Peter Cartwright: The Work of an Evangelist


(Editor's note: The following is a transcript of the 2016 Peter Cartwright Memorial Sermon preached by Paul Black, IGRC Director of Communication Ministries on Sept. 16, 2016 at Peter Cartwright UMC in Pleasant Plains, Ill.)

SCRIPTURE: II Timothy 3:14-4:5
Peter Cartwright“As for you, always be sober, endure suffering, do the work of an evangelist, carry out your ministry fully.”
Evangelism is a word that is used less frequently in the church than it used to be and as a result, we don’t tend to do well to those things to which we don’t pay attention.

Evangelism – literally “the spreading of the Christian gospel by public preaching or personal witness” – has dimmed in many mainline denominations and we have lost our voice in proclaiming the Good News of Jesus Christ.

In fact, in the Illinois Great Rivers Annual Conference, 507 of the 840 congregations had no professions of faith in 2015. That more than 60 percent! (2016 Illinois Great Rivers Conference, Journal-Yearbook) For some churches, it has been years since they have had a profession of faith and an adult profession of faith is even rarer. When we look at the 40-year decline in membership and worship attendance, we need not look far – our evangelistic efforts could stand improvement.

And while mainline Christianity has started shying away from the word “evangelist,” business and industry have adopted it. An article in the Aug. 28, 2015, issue of Forbes magazine was entitled, Why Every Tech Company Needs a Chief Evangelist.

Author Theo Priestly writes, “Roles within Sales and Marketing has become much more complex amid the cacophony from social networks, the proliferations of mobile devices, and changing TV viewer habits. In fact, the positions merge further when you consider just how much content marketing now plays a part in the sales process, especially in light of the ‘social selling’ trends.

“To manage this, evangelism has to evolve beyond its current definition. An evangelist is a person who builds up support for a given technology, and then establishes it as a standard in the given industry. The title of ‘Chief Evangelist’ has been around for a few years now in Silicon Valley, and the term evangelist itself conjures images of some feverish person on their TV soapbox. The most notable example is Guy Kawasaki, who was perhaps the first to coin the term itself when he spent his career at Apple and was quoted as saying, “Evangelism isn’t a job title, it’s a way of life” (Priestly 2015).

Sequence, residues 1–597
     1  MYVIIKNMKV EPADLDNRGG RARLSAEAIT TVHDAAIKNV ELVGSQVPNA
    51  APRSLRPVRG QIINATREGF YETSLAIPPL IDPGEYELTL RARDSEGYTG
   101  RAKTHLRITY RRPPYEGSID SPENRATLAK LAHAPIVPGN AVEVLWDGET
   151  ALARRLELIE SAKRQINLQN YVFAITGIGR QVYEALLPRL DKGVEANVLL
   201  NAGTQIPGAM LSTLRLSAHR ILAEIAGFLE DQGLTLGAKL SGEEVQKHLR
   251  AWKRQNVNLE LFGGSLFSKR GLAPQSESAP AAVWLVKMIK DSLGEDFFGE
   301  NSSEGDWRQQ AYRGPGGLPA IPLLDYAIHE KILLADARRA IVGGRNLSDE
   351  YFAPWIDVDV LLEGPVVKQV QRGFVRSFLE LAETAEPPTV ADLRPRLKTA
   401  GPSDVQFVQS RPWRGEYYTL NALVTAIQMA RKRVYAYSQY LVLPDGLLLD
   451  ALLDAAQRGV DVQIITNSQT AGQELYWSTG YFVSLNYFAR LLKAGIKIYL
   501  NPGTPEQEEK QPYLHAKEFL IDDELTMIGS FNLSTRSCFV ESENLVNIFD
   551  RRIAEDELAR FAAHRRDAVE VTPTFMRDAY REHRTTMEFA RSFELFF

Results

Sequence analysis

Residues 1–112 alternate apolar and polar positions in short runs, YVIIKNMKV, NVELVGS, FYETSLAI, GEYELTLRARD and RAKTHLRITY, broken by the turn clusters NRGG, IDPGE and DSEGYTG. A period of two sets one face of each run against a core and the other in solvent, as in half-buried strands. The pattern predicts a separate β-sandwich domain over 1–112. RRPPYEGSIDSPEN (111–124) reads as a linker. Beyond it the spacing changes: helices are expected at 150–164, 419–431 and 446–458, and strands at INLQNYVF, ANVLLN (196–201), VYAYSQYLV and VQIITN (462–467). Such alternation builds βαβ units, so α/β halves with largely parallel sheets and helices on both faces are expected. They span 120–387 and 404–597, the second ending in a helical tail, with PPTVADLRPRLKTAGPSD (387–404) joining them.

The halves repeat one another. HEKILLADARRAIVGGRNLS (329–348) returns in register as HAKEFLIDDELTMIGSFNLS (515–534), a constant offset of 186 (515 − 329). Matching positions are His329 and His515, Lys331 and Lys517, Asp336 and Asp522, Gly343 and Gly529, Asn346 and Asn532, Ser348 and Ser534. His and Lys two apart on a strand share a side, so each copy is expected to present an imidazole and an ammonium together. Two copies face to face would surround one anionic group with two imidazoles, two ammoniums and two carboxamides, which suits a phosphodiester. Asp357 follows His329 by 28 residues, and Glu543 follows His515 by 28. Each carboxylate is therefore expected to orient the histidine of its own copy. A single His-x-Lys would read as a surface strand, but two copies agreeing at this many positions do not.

Today, we gather for the Annual Cartwright Sermon named in honor of Peter Cartwright, who preached to hosts of men and women throughout Kentucky, Tennessee and Illinois during westward expansion in 19th century America. Speaking three hours at a stretch, several times a week, Cartwright shared the Good News with a booming voice that could make women weep and strong men tremble.

Over a 70-year ministry, 10,000 came to Christ, thousands were baptized and added to God’s Kingdom.

As a presiding elder (or what we might call District Superintendent), Cartwright saw to the building of several church buildings and when more preachers were needed, he championed the creation of Methodist colleges, including McKendree University in 1828. Cartwright, like Abraham Lincoln was self-taught but he understood the value of learning. During his circuit riding, it was commonplace for Cartwright to leave tracts and books to edify believers. And the joy of winning souls for God’s Kingdom offset the pain and hardship of riding a frontier circuit.

Today’s scripture reading comes from a letter penned by the Apostle Paul in his later years to a young protégé named Timothy. Timothy came from “good stock” having been brought up in the Christian faith by his grandmother Lois, and mother, Eunice. Timothy had answered the call to ministry but Paul’s admonition to “do the work of an evangelist” seemed to be the requisite for “doing ministry fully” (II Timothy 4:5).

So the question is: “Why have we lost our passion for evangelism?” Lifeway Resources, the publishing arm of the Southern Baptist Church, asked that question in an unscientific Twitter poll in 2015, conducted by its CEO Thom Rainer. The results are very enlightening. 

The most common responses can easily be seen in three broad categories that I once heard someone explain why Jesus chose fishermen to be his disciples.

FIRST, FISHERMEN GO WHERE THE FISH ARE. The Great Commission of Jesus was to “Go…”  Long gone are the days where a church takes out a newspaper ad or publishes it is going to have services and people come. But I would suggest it was never meant to be that way.